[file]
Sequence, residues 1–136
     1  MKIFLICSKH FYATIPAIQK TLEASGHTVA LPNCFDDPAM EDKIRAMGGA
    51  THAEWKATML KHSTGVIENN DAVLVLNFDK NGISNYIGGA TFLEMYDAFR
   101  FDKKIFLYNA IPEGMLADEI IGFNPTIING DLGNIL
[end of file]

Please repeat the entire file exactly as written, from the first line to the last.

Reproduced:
Sequence, residues 1–136
     1  MKIFLICSKH FYATIPAIQK TLEASGHTVA LPNCFDDPAM EDKIRAMGGA
    51  THAEWKATML KHSTGVIENN DAVLVLNFDK NGISNYIGGA TFLEMYDAFR
   101  FDKKIFLYNA IPEGMLADEI IGFNPTIING DLGNIL